Page:Stevenson - The Merry Men (1905).djvu/185

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"And I told her you had done so—I remembered that," he added proudly—"and she was pleased."

"Then, Felipe," said I, "what were those cries that I heard last night? for surely they were cries of some creature in suffering."

"The wind," returned Felipe, looking in the fire.

I took his hand in mine, at which, thinking it to be a caress, he smiled with a brightness of pleasure that came near disarming my resolve. But I trod the weakness down. "The wind," I repeated; "and yet I think it was this hand," holding it up, "that had first locked me in." The lad shook visibly, but answered never a word. "Well," said I, "I am a stranger and a guest. It is not my part either to meddle or to judge in your affairs; in these you shall take your sister's counsel, which I cannot doubt to be excellent. But in so far as concerns my own I will be no man's prisoner, and I demand that key." Half an hour later my door was suddenly thrown open, and the key tossed ringing on the floor.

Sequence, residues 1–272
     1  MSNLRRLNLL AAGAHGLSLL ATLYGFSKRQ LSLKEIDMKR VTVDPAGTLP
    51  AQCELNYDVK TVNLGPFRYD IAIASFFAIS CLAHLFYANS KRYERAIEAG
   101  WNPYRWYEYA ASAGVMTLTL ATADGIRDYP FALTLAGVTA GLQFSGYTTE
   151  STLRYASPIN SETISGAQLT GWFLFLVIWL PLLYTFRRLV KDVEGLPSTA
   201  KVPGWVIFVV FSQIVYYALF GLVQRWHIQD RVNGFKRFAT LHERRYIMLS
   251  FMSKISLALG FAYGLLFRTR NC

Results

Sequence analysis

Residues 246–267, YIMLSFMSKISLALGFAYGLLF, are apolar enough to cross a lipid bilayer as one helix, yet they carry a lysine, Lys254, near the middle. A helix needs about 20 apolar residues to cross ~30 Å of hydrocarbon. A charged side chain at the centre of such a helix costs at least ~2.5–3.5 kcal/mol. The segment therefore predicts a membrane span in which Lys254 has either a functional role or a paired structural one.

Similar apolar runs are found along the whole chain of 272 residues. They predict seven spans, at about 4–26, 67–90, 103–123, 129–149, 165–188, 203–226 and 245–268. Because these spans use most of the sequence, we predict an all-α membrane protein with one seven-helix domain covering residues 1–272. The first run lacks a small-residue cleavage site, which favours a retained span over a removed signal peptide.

A day or two after I came in from a walk a little before the point of noon. The Señora was lying lapped in slumber on the threshold of the recess; the pigeons dozed below the eaves like snowdrifts; the house was under a deep spell of noontide quiet; and only a wandering and gentle wind from the mountain stole round the galleries, rustled among the pomegranates, and pleasantly stirred the shadows. Something in the stillness moved me to imitation, and I went very lightly across the court and up the marble staircase. My foot was on the topmost round, when a door opened, and I found myself face to face with